• Agreed. Some places will allow 1/2 day, even hourly rentals...but a thorough job on a 1/3 acre would run about 2-3 hours including the trucking of the equipment (assuming OP does not live next to a rental location). Add in the re-doing of trouble spots, a break here and there for some water, refueling and rest, and you are pushing a half day easy.
    – Phlume
    Sep 18, 2014 at 20:34
  • Yeah, if the OP can't transport the equipment himself, delivery and pickup can be pretty expensive. The time/acre will vary greatly depending on the soil, grade, obstacles, and everything else in a lawn. Some take over twice as long as others, per acre.
    – J. Musser
    Sep 18, 2014 at 20:37
  • We have several rental places within a 1/2 hour radius of us, but that might be a lot different for others.
    – J. Musser
    Sep 18, 2014 at 20:39
  • A follow up question. I don't have a truck, delivering the equipment is a problem. I bought a tool on ebay.com/itm/like/291128796626?lpid=82. But it is tough and time consuming. I saw an ad on youtube.com/watch?v=LEQbEgt9MKA. Anybody has experience on it? It is produced in UK?
    – Love
    Sep 27, 2014 at 13:06

First, that looks cheap, to me. I would expect at that price to be getting a half-job, not a high quality one. I think doing it yourself is far better.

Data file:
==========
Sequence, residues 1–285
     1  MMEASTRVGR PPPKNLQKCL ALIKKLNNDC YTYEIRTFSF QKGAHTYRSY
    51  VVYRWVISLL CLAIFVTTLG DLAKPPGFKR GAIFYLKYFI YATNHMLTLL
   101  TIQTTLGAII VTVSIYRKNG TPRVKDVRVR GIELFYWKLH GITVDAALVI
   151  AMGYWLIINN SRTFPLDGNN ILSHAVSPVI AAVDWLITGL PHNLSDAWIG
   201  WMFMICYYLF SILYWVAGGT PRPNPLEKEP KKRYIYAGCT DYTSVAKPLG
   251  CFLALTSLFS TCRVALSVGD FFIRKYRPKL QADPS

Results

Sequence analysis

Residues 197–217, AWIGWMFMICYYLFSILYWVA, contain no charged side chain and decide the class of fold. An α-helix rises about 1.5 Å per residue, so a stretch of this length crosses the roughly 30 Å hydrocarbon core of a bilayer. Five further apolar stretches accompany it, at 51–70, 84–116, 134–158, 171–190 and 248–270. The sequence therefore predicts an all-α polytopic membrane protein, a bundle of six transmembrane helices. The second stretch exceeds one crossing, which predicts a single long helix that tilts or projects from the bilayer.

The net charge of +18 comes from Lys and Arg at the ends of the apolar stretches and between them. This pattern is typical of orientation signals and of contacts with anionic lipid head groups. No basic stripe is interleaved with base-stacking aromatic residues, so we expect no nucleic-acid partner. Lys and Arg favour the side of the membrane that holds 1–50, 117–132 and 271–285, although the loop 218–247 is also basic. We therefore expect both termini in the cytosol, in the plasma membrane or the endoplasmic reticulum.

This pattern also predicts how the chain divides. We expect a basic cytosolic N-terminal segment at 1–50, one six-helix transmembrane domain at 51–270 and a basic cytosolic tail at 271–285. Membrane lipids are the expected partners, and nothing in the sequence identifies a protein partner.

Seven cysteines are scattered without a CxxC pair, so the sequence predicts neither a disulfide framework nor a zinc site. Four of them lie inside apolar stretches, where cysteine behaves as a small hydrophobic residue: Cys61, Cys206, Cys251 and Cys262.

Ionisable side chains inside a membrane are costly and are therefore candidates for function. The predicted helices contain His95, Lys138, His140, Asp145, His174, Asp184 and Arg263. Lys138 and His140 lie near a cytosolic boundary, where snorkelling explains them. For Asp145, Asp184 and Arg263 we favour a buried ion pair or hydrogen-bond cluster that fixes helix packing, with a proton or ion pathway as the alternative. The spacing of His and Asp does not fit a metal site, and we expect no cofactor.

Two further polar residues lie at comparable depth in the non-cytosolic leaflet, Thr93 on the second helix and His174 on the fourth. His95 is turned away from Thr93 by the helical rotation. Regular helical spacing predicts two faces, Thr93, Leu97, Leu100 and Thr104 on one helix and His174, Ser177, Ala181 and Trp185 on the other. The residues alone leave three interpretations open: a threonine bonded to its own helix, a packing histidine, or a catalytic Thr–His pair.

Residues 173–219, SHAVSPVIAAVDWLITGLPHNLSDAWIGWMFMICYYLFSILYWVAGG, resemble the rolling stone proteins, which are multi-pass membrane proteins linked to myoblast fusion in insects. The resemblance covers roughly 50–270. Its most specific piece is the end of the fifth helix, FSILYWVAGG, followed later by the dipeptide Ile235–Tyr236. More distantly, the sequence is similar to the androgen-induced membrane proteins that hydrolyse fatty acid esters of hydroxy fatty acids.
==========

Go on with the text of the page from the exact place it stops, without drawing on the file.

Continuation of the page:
As Phlume says (rightly), The machine you linked to is a tiller. it will kill the grass that is already there. I use a Plugr Aerator, which will cost over $4500 new. I'd recommend renting.

As for whether or not to seed, look at your lawn. Does the grass look healthy? Or is it spotty with bare areas in between plants? Because you don't want to waste seed (which is getting expensive) on a lawn that doesn't need it. If you do decide to seed, don't rototill. Rather, mow the law very short, and rake it to loosen up the top layer of soil. This is so the seed can be raked in better later.

I use an overseeder (a Ryan Mataway Overseeder, actually), which plants the seed without the need for the other prep. These are pricey too ($6500 new), so if you wanted to go that route, I'd rent.